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You Know You’re a Designer When ...

Lisa Masteller gives us a peek inside the mind of a designer. If you're more distracted by the dusty fake plants in the restaurant than the sweet aroma of the lava cake on your plate, you're probably a designer.

By Lisa Masteller   •  April 19, 2017 2:01 pm EDT

Tags: architectural design, blog, collaboration, interior design,

While joining friends at a local restaurant, you can't help but notice the following:

◦ You quickly realize that the carpet tile you're staring at is from Mannington, and you can recall the style and pattern number. Because you know you're right, you internally give yourself a high five.

◦The chair you're sitting in is from the new Tonon line from Sandler Seating, but you would have preferred it in "Linen."

◦When rushing to grab a stall, you notice the 60-inch allowance for the ADA partition is more like 40. And your mind goes back to the time "on that one job where" you had to forego this amazing design because of ADA requirements. But obviously, they just "got away with it."

◦While listening to the waiter give the list of specials for the evening, you start counting ceiling tiles behind his head to see how much room is between you and the back kitchen.

◦You would have chosen to put a purse hanger at a better height in every stall, so you don't hit your head on the bottom of your purse when standing up. I mean, it just makes sense.

◦You would replace each and every fake and dusty plant for a real one and ... "squirrel!"... while you lean in closer to hear your best friend tell her story, you roll your eyes and wonder why they didn't go the extra step to throw any sound proofing into the room.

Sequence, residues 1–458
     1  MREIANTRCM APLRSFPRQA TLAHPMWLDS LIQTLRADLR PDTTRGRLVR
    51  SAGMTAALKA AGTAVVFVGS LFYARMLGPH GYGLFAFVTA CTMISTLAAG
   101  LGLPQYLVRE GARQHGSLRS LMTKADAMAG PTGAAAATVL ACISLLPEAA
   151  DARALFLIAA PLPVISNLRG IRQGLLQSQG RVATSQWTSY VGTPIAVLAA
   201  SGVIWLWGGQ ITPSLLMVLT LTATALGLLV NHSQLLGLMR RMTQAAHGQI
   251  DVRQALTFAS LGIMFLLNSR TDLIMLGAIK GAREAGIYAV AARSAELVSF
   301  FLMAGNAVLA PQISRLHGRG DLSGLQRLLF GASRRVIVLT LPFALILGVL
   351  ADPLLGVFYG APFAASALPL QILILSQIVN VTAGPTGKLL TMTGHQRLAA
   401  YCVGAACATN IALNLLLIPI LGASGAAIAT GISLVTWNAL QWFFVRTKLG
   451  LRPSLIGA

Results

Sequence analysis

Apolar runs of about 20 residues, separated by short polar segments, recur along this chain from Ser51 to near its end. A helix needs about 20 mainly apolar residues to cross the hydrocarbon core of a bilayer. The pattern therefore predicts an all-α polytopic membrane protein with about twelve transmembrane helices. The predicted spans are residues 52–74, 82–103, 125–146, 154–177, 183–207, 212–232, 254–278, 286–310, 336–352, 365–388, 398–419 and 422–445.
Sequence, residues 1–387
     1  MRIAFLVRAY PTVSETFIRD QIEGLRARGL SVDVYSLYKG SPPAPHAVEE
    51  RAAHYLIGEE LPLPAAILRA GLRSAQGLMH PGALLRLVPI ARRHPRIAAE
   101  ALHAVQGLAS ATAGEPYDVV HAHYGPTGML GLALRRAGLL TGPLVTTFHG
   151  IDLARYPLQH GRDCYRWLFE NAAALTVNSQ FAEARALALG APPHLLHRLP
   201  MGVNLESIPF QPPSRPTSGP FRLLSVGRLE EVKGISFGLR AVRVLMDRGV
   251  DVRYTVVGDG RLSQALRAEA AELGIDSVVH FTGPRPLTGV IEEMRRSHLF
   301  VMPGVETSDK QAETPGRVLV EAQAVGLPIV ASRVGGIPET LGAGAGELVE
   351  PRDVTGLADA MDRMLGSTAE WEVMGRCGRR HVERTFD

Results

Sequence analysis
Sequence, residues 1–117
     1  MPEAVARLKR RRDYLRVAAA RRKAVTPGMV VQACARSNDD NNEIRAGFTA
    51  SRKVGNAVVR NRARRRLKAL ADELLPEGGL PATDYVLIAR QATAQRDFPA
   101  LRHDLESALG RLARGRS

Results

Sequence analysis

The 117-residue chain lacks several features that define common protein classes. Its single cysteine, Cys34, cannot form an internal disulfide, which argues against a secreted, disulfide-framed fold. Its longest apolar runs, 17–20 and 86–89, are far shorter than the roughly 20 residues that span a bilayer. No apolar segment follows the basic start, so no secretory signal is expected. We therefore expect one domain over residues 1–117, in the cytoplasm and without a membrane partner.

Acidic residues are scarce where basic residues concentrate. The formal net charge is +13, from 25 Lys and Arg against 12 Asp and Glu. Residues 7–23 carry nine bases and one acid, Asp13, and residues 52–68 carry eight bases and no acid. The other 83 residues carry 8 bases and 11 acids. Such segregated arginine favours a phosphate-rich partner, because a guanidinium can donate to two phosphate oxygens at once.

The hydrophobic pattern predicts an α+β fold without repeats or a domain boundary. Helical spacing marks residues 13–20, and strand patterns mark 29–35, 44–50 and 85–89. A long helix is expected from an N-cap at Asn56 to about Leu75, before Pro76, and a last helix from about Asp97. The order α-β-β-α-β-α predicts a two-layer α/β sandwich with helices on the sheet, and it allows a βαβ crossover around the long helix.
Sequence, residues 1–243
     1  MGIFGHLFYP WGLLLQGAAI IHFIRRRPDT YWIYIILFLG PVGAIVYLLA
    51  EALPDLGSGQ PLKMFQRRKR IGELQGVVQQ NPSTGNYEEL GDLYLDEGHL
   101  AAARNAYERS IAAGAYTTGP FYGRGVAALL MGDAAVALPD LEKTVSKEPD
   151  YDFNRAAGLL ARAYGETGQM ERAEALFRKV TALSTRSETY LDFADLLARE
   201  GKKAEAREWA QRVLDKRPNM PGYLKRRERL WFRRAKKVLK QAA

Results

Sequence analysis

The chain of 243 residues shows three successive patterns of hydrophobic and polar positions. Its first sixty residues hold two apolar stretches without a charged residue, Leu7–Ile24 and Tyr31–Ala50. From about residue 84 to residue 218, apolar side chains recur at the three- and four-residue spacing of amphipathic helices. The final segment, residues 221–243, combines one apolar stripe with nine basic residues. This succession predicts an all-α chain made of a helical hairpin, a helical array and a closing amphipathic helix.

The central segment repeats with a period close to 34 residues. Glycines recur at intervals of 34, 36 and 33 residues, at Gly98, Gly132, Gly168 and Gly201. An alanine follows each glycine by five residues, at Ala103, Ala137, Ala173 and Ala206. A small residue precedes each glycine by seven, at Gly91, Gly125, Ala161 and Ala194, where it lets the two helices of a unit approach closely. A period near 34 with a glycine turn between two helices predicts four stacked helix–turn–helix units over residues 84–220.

Take me back just a little over seven years ago, where I would have thought more about the second piece of bread I planned on having, as well as wondering if they offer ice cream to go with the molten lava cake. I mean, much more important things to consume one's mind rather than insignificant details such as ADA compliance, am I right?

Be honest. Please say that I'm not alone. We all not only love what we do but we like to share it. Even during "off hours," we offer "Tips of the Trade" and suggestions when given the chance.

We could easily begin the "If people only knew ..." card but, in essence, it's how it should be. We have claimed a stake within the industry that allows us to share our love of good design and the process upon which every story is laid.

Either on a macro level, such as Urban Planning or Landscaping or on a micro level, involving construction or interior design, we all have something to offer not only our clients, but just as important, our colleagues.

If there is one thing that keeps my juices flowing, it's working shoulder to shoulder with vendors and artisans that are more experienced than I.

In fact, I find other facets of design fascinating. With every niche of design, there is a particular lingo and sense of knowledge devoted to every avenue of manufacturing and customization.

Each have studied their fields so well that they have crafted and fined tuned better ways to build and install -- saving me, time, money and resources.

I find time and again that my best work is revealed when I've leaned on them to help solve a problem or dream along with me, offering their creative skills and solutions.

Teaming with a variety of collaborative bright artists and engineers becomes much more rewarding than me trying to handle so much of the design alone.

As with most of my colleagues that I have the honor to know and call friend, it does my heart good to bring them into a new design project and, again, starts the wheel of invention and intrigue to what new things await us.

My challenge to you is to keep stretching yourself in ways you haven't tried. Reach out and develop relationships with unique artists and engineers or inventors who are thirsty to keep reinventing the wheel, one cog at a time.

"A man's trade is opt to make him narrow. It is good for the Bricklayer to have a chat with the Butcher; the Doctor should make friends with the Draper. Each man, in his own business, evolves a small hoard of ideas. It is good for them to be poured into a common pool and shared."

- "When Swans Fly High," Chips & Shavings, 1931, pg. 193.

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